DIAN TRIANSYAH DJANI (Indonesia) called upon the parties to exercise maximum restraint, stressing the urgent need to alleviate the suffering of millions of Syrians in need of humanitarian assistance. “The winter season has particularly worsened the situation, especially for children,” he emphasized, while welcoming the November 2018 delivery of assistance to Rukban and expressing support for a second convoy planned for early next week. He urged the parties to ensure that the delivery goes forward unimpeded, and went on to underline the importance of a political solution, the continued absence of which will only exacerbate the humanitarian situation. To that end, Indonesia supports a political process led and owned by Syrians and facilitated by the United Nations, with full respect for Syria’s sovereignty, unity and territorial integrity, he said.
VASSILY A. NEBENZIA (Russian Federation) echoed concerns about Idlib — which has fallen under the control of armed groups — noting that 65 people have been killed and more than 200 injured there since the signing of the Russian-Turkish memorandum in September 2018. He said that his delegation has always stressed that the agreement was not a sustainable solution. The best solution entails transferring the territory to the legitimate control of the Syrian Government, he stressed, noting that stabilization is a precondition for the political process and for a return to normal life. Condemning as unethical any selective or politicized approach to the delivery of humanitarian assistance, he nevertheless emphasized that the Russian Federation stands ready to make compromises, as it demonstrated by agreeing to cross-border aid deliveries and by supporting the upcoming delivery to Rukban. “Normal life is returning,” he said, pointing out that his country provides Syria with assistance — including more than 3.2 million tonnes of humanitarian goods — on a non-politicized basis. Underlining that another meeting of the Astana guarantors, planned for February, will give further impetus to the quest for a peaceful political solution, he warned against any attempt to influence the newly appointed Special Envoy or to talk regional countries out of normalizing relations with Syria.
FRANÇOIS DELATTRE (France) said it would be irresponsible for the Council to downplay the situation in Syria since escalation remains possible. The international community must remain engaged on three key priorities, he said, emphasizing that the first is maintaining the ceasefire. With terrorists seeking dominance of the area, “we must do everything possible to maintain the ceasefire as it is the only way to protect 3 million people living there”, including medical and humanitarian workers, he added. Secondly, the Syrian Government must ensure humanitarian access to all its territory, he stressed, pointing out that the Government is instead putting up obstacles to the delivery of aid and even criminalizing humanitarian organizations for political reasons. Thirdly, there can be no sustainable humanitarian solution without progress on credible political process, he said, cautioning that there is a small window of opportunity, but it might close quickly. Urging the redoubling of efforts to put a credible political process in place under United Nations facilitation, he said reconstruction cannot be envisioned until a credible, irreversible political transition is under way.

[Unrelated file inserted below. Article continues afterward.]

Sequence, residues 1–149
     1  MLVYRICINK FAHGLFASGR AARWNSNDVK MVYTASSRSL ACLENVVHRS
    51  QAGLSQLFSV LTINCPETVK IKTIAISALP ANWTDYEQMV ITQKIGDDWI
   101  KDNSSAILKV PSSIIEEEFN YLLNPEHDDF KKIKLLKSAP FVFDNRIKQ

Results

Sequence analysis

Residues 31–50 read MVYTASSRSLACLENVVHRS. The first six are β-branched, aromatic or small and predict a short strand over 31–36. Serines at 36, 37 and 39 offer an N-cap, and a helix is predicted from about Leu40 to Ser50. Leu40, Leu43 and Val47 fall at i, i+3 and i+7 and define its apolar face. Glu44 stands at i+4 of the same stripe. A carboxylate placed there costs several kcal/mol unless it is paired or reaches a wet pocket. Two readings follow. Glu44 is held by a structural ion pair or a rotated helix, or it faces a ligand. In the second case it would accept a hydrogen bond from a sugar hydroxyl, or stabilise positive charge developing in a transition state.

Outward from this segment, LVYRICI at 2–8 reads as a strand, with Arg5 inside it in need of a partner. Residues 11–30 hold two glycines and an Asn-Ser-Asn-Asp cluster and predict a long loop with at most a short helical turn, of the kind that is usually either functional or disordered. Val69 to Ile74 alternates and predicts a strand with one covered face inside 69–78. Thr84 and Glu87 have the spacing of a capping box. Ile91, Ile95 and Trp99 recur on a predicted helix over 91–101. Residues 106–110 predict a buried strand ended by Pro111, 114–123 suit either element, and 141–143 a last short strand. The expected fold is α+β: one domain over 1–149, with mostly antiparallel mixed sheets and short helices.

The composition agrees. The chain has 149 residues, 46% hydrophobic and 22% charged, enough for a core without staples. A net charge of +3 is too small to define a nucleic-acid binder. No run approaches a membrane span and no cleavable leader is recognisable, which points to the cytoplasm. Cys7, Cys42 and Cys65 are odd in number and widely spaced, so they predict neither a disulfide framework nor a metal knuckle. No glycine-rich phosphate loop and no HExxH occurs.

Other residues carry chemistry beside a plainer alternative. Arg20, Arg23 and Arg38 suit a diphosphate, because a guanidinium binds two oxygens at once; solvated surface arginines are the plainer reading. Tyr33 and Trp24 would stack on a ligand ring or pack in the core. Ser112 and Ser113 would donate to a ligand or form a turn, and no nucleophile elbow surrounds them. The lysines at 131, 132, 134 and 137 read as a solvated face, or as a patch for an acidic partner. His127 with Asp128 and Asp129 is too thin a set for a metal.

GUSTAVO MEZA-CUADRA (Peru) underscored the need for the Syrian Government to authorize humanitarian convoys across the country, noting the currently limited nature of the humanitarian access. Urging the Government to expedite the authorization of aid convoys in Rukban, he also called for increased efforts to prevent a humanitarian catastrophe in Idlib. The fight against terrorists should not put the lives of the 3 million people in the governorate at risk, he said. Highlighting the professionalism of humanitarian and United Nations personnel deployed in Idlib, he called for predictable and sustainable funding of humanitarian appeal plans.